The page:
Tribunal Criminal Tribunal for the Former Yugoslavia

Page 160

1 Monday, 8 December 2003

2 [Appeal Proceedings]

3 [Open session]

4 [The appellant entered court]

5 --- Upon commencing at 1.35 p.m.

6 JUDGE POCAR: Please be seated. Good afternoon to everybody.

7 Madam Registrar, would you please call the case.

8 THE REGISTRAR: Good afternoon, Your Honours. This is case number

9 IT-95-14-A, the Prosecution versus Tihomir Blaskic.

10 JUDGE POCAR: Thank you. Can everyone hear me? Interpreters?

11 THE INTERPRETER: Yes, Your Honour.

12 JUDGE POCAR: Can the appellant hear me?

13 MR. HAYMAN: Could you repeat your question, Your Honour. I don't

14 believe he heard.

15 JUDGE POCAR: I repeat: Can the appellant hear me?

16 THE APPELLANT: [Interpretation] Good afternoon, Your Honour. I

17 hear you well, and I can understand everything.

18 JUDGE POCAR: I thank you.

19 The Defence can hear me?

20 MR. HAYMAN: We can, Your Honour. Good afternoon.

21 JUDGE POCAR: Thank you. The Prosecution?

22 MR. FARRELL: Yes. Thank you, Your Honour.

23 JUDGE POCAR: Thank you. Now I would like to call for appearances

24 of the parties. I turn first to the Defence.

25 MR. HAYMAN: Good afternoon, Your Honour. Appearing for the

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1 appellant is Russell Hayman, with my colleagues, to my left, Anto Nobilo,

2 Andrew Paley, and Robert Perrin. Thank you.

3 JUDGE POCAR: Thank you.

4 The Prosecution.

5 MR. FARRELL: Thank you. Good afternoon, Your Honours. Appearing

6 for the Prosecution on the evidentiary hearing will be Norman Farrell,

7 Mr. Andrew Cayley, and Ms. Susan Grogan as our case manager. During the

8 course of the hearing, as you know, there is going to be seven witnesses

9 called and there are other counsel who are involved in other matters who

10 have agreed to assist in the evidentiary hearing, and that will be

11 Mr. Mark Harmon and Mr. Ken Scott, and they will appear at the time when

12 necessary for the purpose of raising questions with the witnesses, Your

13 Honour. Thank you.

14 JUDGE POCAR: I thank you.

15 I would like now to make a few brief introductory remarks before

16 we proceed with the evidentiary phase of this hearing.

17 As announced by the registrar, the case before us today is the

18 Prosecutor versus Tihomir Blaskic. General Blaskic was indicted for

19 persecutions, unlawful attacks on civilians and civilian objects, wilful

20 killing and causing serious injury, destruction and plunder of property,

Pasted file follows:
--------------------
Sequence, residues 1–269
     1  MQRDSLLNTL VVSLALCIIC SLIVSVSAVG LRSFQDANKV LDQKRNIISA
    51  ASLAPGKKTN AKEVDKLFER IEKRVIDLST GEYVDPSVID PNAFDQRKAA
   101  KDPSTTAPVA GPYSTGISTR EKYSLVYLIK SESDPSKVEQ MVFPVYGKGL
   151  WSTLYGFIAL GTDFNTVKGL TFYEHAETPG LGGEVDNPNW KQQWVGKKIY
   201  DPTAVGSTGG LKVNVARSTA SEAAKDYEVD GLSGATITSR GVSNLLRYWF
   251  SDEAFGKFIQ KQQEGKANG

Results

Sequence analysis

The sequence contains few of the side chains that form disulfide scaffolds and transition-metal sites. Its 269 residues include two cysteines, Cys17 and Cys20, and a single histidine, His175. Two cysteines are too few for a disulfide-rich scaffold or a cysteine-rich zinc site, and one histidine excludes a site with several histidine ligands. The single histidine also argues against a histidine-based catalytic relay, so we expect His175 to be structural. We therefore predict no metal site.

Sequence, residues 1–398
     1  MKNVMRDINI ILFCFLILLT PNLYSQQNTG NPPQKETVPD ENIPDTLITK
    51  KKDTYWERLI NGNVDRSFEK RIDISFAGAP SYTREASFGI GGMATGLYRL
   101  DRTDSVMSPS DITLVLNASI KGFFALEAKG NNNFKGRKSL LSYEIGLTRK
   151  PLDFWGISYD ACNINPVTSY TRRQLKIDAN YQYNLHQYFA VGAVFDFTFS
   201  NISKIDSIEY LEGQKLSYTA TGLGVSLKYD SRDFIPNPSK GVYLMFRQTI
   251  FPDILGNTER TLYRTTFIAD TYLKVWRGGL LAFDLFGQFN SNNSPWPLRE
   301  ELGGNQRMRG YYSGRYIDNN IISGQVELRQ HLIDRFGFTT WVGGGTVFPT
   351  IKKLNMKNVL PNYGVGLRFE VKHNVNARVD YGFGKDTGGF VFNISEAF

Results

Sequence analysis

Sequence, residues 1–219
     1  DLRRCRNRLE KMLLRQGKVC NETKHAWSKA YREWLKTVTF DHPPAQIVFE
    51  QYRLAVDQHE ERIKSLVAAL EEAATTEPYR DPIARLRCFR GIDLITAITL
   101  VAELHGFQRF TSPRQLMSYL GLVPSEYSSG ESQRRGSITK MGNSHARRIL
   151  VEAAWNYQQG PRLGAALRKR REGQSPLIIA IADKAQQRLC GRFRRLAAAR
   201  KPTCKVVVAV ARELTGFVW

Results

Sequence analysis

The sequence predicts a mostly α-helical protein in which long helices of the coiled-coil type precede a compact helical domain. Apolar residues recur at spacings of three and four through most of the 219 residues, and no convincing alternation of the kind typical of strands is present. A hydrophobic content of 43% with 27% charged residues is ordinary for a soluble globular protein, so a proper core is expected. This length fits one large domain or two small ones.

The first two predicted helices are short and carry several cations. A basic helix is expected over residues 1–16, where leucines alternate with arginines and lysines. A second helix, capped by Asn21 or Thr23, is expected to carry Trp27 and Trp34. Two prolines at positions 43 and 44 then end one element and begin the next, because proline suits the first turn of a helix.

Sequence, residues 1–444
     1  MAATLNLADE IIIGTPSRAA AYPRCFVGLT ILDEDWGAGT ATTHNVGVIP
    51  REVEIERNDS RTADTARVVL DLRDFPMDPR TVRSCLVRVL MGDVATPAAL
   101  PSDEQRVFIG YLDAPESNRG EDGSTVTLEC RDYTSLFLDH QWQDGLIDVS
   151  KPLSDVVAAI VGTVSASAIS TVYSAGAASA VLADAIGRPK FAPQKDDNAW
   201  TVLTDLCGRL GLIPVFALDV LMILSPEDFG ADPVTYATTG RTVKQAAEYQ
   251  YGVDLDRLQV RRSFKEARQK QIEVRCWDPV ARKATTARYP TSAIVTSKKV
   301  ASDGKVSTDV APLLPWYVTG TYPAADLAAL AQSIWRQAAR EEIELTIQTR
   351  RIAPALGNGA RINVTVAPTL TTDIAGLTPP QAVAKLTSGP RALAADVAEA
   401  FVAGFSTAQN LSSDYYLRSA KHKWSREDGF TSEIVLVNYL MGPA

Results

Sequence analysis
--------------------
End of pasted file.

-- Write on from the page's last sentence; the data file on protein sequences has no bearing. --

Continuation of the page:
21 destruction of institutions dedicated to religion or education, and

22 inhumane treatment, the taking of hostages and the use of human shields.

23 The indictment contained 20 counts, each of which alleged the

24 responsibility under both Article 7(1) and 7(3) of the Tribunal's Statute.

25 The counts concerned violation of Articles 2, 3, and 5 of the

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1 Statute, allegedly committed in the period from May 1992 to January 1994,

2 in Central Bosnia. From 27 June 1992, Mr. Blaskic was the commander of

3 the Croatian Defence Council, known as the HVO, armed forces in Central

4 Bosnia.

5 The judgement in this case was rendered on the 3rd of March, 2000.

6 The Trial Chamber convicted Mr. Blaskic of persecutions, murder, and

7 inhumane acts, as crimes against humanity, as well as violations of

8 Articles 2 and 3 of the Statute.

9 Mr. Blaskic filed his notice of appeal on 17 of March, 2000. The

10 Prosecution did not appeal. During the appellate proceedings, the

11 appellant filed four motions pursuant to Rule 115 of the Rules of

12 Procedure and Evidence, seeking to admit over 8.000 pages of material as

13 additional evidence on appeal. The first of this additional evidence

14 motions was filed on 19 January 2001, and the last on 12 May 2003.

15 On the 31st of October, 2002, the Appeal Chamber issued a

16 Scheduling Order in relation to the first three Rule 115 motions that had

17 been filed by the appellant by that time. It deemed clearly admissible

18 certain of the additional evidence sought to be admitted by the appellant

19 and ordered the parties to present oral argument limited to the issue of

20 whether the clearly admissible evidence justified a new trial by a Trial

21 Chamber on some or all of the counts.

22 On 21st November 2002, oral arguments were heard pursuant to this

23 order. On 22nd November, 2002, a Scheduling Order was issued by the

24 Appeals Chamber, allowing the Prosecution to file its rebuttal material.

25 Following the filing of the fourth and final Rule 115 motion by

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1 the appellant and rebuttal material by the Prosecution in relation to this

2 motion, the Appeals Chamber rendered its decision on evidence on the 31st

3 of October, 2003. It found that in the circumstances of this case, a

4 retrial was not warranted. It decided which items of additional evidence

5 and rebuttal material are admitted into the record. A total of 108 items

6 have been admitted. Six of the admitted items from the second Rule 115

7 motion are transcripts of witness testimony heard in another case before

8 this Tribunal. These witnesses will be heard in the evidentiary portion

9 of this hearing as Defence witnesses.

10 Also on 31st of October, 2003, another Scheduling Order was

11 issued, setting today as the start date for the hearing on appeal, and

12 allowing the parties to file supplementary briefs. A further Scheduling

13 Order was issued on 2nd December 2003. As set out in that Scheduling

14 Order, we are scheduled to start today and to adjourn at 7.00 p.m. this

15 evening. The Defence will have one hour to conduct its direct examination

16 of each witness. The Prosecution will then have 40 minutes to conduct its

17 cross-examination, and the scope of this examination must be limited, as I

18 will set out later. The Defence will have 20 minutes for its